Note from the editors: The content on this page is a digital mirror of our quarterly print magazine, The Planetary Report. Our print content must be finalized roughly 2 months in advance, so you'll read references to the ongoing COVID-19 pandemic describing it as a singular moment in history and an opportunity to reflect on our commitment to take care of each other and the Earth.
Since then, a movement to eliminate systemic racism has swept the globe. We here at The Planetary Society recognize we must do more to support Black people, including Black people who love space. You can read our initial response and commitment to work against racism here.
While some of the sentiments we expressed in this issue could also be applied to the fight against racism, they were not intended as such. Inspirational words and images alone will not undo the fundamental societal disparities that plague our planet.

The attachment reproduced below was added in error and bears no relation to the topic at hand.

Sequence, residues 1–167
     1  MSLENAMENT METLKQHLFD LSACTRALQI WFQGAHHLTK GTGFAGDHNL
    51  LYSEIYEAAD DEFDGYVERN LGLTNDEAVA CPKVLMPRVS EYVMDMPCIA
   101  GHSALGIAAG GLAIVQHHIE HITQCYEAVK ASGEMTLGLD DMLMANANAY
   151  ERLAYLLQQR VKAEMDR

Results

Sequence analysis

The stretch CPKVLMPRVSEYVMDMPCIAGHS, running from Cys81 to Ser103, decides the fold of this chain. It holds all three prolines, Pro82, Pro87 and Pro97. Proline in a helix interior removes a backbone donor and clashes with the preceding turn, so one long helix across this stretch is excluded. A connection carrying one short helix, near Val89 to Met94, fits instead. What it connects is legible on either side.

The Planetary Society's goal is to make space for everyone. We can only do that by becoming an organization that actively opposes racism. Let's get to work.
Until the advent of spaceflight, we humans could only imagine what our planet looked like from space. Ever since we started sending robotic probes and humans into the cosmos, we’ve had a natural inclination to turn the camera back on ourselves to see our fragile world hanging in the blackness of space. As a result, some of the most memorable images in the history of spaceflight are of Earth.
During this singular moment in history as the entire world responds to the COVID-19 pandemic, we thought it would be appropriate to share some of our favorite pictures of Earth from space. Seeing our entire planet occupy just a few inches of page space gives us a sobering reminder of our commitment to take care of each other and Earth—the only home we’ve ever known.
See more pictures of Earth from space at planetary.org/picsofearth.
Apollo 13 astronauts captured this photo of Earth in April 1970. Fifty-six hours into the mission, an explosion forced the crew to abort their landing and take shelter in the Lunar Module. The crew ultimately returned to Earth safely, and the mission became known as NASA’s “successful failure.”